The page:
that dog theft is a huge problem and a major route of supply for the dog meat
industry. Allowing the festival to continue shows a lack of concern for the dog
theft that is happening, a crime which is heartbreaking for caring owners who
fall victim. 3. Food safety
issues – many dogs involved are ill or contaminated and not properly checked or
examined the way they should be before being slaughtered for meat.
If any of the above three are the reason you signed the petition, you
can stop reading. Your argument is educated and your concern is genuinely for
the people of China. I salute you in your efforts in raising awareness to make China
a safer place.
If your opinion rings familiar with either of the below points, I want
to explain why you should not be
signing this petition: 1. The animals
are inhumanely killed.
2. You do not
agree that dogs should be eaten, and the festival endorses this belief.
Let’s tackle the first point, which is perhaps the most common reason
that the media is ganging up to fight against the Dog Meat Festival. This point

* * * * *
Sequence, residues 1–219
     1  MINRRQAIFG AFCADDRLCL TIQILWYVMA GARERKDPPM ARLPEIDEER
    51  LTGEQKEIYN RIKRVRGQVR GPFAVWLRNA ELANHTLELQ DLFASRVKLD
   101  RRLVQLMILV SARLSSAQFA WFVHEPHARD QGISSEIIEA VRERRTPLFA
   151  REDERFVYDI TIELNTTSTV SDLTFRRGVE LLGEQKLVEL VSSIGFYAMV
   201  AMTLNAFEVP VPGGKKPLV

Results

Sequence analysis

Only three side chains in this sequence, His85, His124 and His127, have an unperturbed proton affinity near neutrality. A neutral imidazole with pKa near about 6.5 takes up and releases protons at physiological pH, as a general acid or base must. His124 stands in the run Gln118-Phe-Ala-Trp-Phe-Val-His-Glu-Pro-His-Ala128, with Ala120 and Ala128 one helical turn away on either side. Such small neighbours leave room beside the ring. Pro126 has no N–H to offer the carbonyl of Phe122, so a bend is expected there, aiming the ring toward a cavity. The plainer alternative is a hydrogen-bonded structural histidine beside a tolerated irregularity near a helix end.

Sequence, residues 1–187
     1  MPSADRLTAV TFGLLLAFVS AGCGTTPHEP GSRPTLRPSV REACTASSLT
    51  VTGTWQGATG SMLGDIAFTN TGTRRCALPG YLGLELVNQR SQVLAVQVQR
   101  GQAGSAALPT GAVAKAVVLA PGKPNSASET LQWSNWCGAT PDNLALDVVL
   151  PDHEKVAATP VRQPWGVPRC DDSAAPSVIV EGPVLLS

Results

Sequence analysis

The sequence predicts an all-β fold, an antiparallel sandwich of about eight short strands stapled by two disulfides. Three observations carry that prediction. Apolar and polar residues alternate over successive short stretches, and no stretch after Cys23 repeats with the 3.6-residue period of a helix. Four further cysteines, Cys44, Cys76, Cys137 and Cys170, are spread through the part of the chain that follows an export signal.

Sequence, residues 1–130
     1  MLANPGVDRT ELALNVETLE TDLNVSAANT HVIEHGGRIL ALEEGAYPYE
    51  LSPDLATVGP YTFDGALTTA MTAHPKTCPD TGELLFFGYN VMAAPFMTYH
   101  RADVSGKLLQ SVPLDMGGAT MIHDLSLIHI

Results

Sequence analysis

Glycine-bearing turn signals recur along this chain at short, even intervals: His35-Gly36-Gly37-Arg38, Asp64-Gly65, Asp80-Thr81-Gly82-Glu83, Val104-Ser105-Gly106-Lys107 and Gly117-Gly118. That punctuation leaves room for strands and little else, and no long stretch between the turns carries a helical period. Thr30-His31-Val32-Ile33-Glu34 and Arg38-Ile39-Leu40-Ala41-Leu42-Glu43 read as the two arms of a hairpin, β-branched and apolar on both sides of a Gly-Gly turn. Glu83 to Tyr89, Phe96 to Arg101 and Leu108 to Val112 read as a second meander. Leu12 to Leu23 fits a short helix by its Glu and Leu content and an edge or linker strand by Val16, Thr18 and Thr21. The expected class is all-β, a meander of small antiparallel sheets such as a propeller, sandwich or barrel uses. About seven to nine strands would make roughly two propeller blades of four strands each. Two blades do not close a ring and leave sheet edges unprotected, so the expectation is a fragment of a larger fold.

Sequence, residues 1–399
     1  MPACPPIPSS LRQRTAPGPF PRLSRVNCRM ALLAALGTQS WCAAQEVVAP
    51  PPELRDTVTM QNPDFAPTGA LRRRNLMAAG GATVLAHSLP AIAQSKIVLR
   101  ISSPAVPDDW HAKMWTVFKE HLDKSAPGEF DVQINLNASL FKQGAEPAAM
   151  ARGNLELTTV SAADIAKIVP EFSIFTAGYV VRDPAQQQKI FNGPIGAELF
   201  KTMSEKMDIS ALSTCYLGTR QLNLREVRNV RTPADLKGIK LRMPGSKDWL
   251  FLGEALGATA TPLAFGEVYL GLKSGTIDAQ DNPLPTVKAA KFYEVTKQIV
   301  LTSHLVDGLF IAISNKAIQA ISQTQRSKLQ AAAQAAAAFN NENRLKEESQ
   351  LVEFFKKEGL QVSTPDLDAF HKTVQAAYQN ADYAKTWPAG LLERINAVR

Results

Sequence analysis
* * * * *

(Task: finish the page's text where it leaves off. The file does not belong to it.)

is backed by animal-rights fan Ricky Gervais, who stated "I’ve seen the footage that HSI has captured on video, and it
breaks my heart. I will never forget the look of bewilderment and fear on the
faces of these poor animals — the dogs and cats await a horrible fate. No
animal deserves to be treated like this."
(I would like to point out at this stage that Ricky Gervais is not a vegetarian.) So the issue is that
these animals are afraid, awaiting a horrible fate and inhumane slaughter? I
see. And we don’t have this in the UK?
I agree, it’s upsetting to see this imagery but people seem to be
jumping very quickly to be outraged at what is happening across the world in
China, when it happens here in the UK too. There are unfortunately hundreds of